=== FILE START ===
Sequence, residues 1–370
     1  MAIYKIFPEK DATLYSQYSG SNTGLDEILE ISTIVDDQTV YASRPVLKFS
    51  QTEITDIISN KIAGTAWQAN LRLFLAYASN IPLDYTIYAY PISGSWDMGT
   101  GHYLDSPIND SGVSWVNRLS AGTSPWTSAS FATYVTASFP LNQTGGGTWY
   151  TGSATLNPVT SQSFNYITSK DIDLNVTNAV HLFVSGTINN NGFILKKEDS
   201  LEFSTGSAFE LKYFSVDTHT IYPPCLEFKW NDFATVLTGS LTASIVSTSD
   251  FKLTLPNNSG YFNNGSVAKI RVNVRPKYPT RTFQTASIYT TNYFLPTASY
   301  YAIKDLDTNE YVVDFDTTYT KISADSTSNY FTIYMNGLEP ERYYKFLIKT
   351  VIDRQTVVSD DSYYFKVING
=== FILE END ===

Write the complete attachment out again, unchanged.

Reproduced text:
Sequence, residues 1–370
     1  MAIYKIFPEK DATLYSQYSG SNTGLDEILE ISTIVDDQTV YASRPVLKFS
    51  QTEITDIISN KIAGTAWQAN LRLFLAYASN IPLDYTIYAY PISGSWDMGT
   101  GHYLDSPIND SGVSWVNRLS AGTSPWTSAS FATYVTASFP LNQTGGGTWY
   151  TGSATLNPVT SQSFNYITSK DIDLNVTNAV HLFVSGTINN NGFILKKEDS
   201  LEFSTGSAFE LKYFSVDTHT IYPPCLEFKW NDFATVLTGS LTASIVSTSD
   251  FKLTLPNNSG YFNNGSVAKI RVNVRPKYPT RTFQTASIYT TNYFLPTASY
   301  YAIKDLDTNE YVVDFDTTYT KISADSTSNY FTIYMNGLEP ERYYKFLIKT
   351  VIDRQTVVSD DSYYFKVING